An economic problem involves tradeoffs and opportunity costs. An economic problem can be illustrated in the pricing decisions by Malaysia Airlines on whether to offer discounts for unsold business class seats, when it is unsure whether the seats will ever be sold. This topic provides selected basic tools often used in managerial economics. These include concepts of marginal analysis, net present value and the tradeoff between risk and returns.
In this topic, we will focus on learning the mathematical tools to find the best value. The tools are called optimisation techniques. Depending on the problem, the highest value or lowest value is the optimum. In golf, for instance, the lowest
TOPIC 2
FUNDAMENTAL ECONOMIS CONCEPT AND OPTIMISATION TECHNIQUES
13
number is the best but in bowling, the highest number is the best. Finding the least cost input combinations to produce a given output, the most profitable output, or the maximum net present value for a given investment; are all optimisation problems.
Marginal analysis is the most useful concept in economic decisionmaking. Since resources are scarce and we cannot have everything that we want, choices must be made. The concept of opportunity cost reminds us that every time we make a choice, something else must be given up. Economics provides us with a set of tools that can help us make better choices. Most of the time, the best decision is made by weighing the marginal benefits against the marginal costs. We will carry out the decision as long as the marginal benefit is greater than the marginal cost. The best is when marginal benefit equals marginal cost.
Marginal return (or marginal benefit or marginal revenue) is the change in total benefits derived from doing an activity and is also known as the additional benefits received when one more unit of the activity is produced. Benefits can be expressed in terms of units of utility or satisfaction, or they can be expressed in monetary values (for example, Ringgit Malaysia).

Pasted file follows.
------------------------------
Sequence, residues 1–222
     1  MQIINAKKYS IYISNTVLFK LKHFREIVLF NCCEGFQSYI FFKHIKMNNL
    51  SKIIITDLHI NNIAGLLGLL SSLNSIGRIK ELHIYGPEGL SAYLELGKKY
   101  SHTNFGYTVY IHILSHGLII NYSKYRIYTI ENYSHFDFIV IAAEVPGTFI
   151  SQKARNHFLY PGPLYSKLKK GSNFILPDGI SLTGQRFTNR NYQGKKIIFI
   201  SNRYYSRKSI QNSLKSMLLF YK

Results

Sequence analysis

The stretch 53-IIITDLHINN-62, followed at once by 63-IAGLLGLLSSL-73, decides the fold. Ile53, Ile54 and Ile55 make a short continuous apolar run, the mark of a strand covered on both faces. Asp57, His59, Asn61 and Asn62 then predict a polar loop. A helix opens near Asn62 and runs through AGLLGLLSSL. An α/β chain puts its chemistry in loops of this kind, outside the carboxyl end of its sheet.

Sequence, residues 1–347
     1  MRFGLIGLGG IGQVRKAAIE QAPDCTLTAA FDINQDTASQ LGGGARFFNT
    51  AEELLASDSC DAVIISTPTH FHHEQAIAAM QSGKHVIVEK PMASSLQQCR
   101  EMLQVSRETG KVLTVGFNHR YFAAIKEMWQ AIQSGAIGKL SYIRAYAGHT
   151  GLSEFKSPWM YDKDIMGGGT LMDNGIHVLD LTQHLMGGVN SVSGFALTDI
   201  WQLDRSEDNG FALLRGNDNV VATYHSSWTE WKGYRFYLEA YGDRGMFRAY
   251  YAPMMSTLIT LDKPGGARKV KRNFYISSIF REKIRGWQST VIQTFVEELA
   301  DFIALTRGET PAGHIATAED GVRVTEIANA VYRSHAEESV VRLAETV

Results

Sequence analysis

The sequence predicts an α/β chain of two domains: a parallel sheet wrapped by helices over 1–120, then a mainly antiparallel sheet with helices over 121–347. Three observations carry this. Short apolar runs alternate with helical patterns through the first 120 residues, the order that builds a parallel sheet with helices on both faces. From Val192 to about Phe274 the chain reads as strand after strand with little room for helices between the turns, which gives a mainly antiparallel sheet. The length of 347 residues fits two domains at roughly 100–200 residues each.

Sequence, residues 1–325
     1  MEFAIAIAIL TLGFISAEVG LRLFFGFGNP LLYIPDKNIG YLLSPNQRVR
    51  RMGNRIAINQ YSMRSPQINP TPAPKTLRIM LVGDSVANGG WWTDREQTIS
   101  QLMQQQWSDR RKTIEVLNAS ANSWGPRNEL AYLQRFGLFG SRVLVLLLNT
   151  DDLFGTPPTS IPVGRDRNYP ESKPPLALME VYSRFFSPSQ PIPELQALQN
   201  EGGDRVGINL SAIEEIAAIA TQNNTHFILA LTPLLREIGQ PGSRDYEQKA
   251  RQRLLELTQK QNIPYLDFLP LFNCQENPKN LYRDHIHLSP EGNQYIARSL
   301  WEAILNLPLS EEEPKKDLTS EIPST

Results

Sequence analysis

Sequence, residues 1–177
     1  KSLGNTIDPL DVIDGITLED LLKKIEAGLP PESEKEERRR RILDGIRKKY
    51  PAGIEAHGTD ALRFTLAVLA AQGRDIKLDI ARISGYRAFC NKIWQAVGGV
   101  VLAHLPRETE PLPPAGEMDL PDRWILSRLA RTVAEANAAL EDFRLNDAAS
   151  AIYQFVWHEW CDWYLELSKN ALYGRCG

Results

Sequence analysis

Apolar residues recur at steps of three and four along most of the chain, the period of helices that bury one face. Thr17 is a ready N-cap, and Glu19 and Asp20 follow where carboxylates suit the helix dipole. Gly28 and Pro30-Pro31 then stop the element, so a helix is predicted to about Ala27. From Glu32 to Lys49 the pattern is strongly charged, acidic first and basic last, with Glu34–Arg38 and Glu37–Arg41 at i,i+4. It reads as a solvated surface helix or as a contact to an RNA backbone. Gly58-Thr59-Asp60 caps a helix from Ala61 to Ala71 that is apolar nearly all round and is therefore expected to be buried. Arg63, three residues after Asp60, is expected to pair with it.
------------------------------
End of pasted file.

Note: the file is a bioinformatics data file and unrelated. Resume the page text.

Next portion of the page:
In microeconomics, Marginal Revenue (MR) is the extra revenue that an additional unit of product will bring to the firm. It can also be described as the change in total revenue/change in number of units sold.
More formally, marginal revenue is equal to the change in total revenue over the change in quantity when the change in quantity is equal to one unit (or the change in output in the bracket where the change in revenue has occurred).
In economics and finance, marginal cost is the change in total cost that arises when the quantity produced changes by one unit. Mathematically, the marginal cost (MC) function is expressed as the derivative of the total cost (TC) function with respect to quantity (Q). Note that the marginal cost may change with volume and so at each level of production, the marginal cost is the cost of the next unit produced.
14
TOPIC 2
FUNDAMENTAL ECONOMIS CONCEPT AND OPTIMISATION TECHNIQUES
MC
dTC
dQ
or
MC
/
TC
Q
In general terms, marginal cost at each level of production includes any additional costs required to produce the next unit. If producing additional vehicles requires, for example, building a new factory, the marginal cost of those extra vehicles includes the cost of the new factory. In practice, the analysis is segregated into short and longrun cases, and over the longest run, all costs are marginal. At each level of production and time period being considered, marginal costs include all costs which vary with the level of production and other costs are considered fixed costs (http://www.wikipedia.org).
In a nutshell, marginal cost is the change in total cost of doing an activity and is also known as the additional costs incurred when one more unit of the activity is produced.
The relationships among total profit, average profit and marginal profit are discussed below:
Total Profit, π(Q), is Total Revenue (TR) minus Total Cost (TC). Total profits are maximised at the output level (Q) where marginal revenue equals marginal cost. Another way to state the rule is that marginal revenue minus marginal cost must be zero for total profit to be a maximum.
Average profit is total profit divided by quantity: A _{π} (Q) = π(Q)/Q. Marginal profit is the profit attributable to the last unit of output:
M _{π} (Q) = Δπ(Q)/ΔQ.
TOPIC 2
FUNDAMENTAL ECONOMIS CONCEPT AND OPTIMISATION TECHNIQUES
15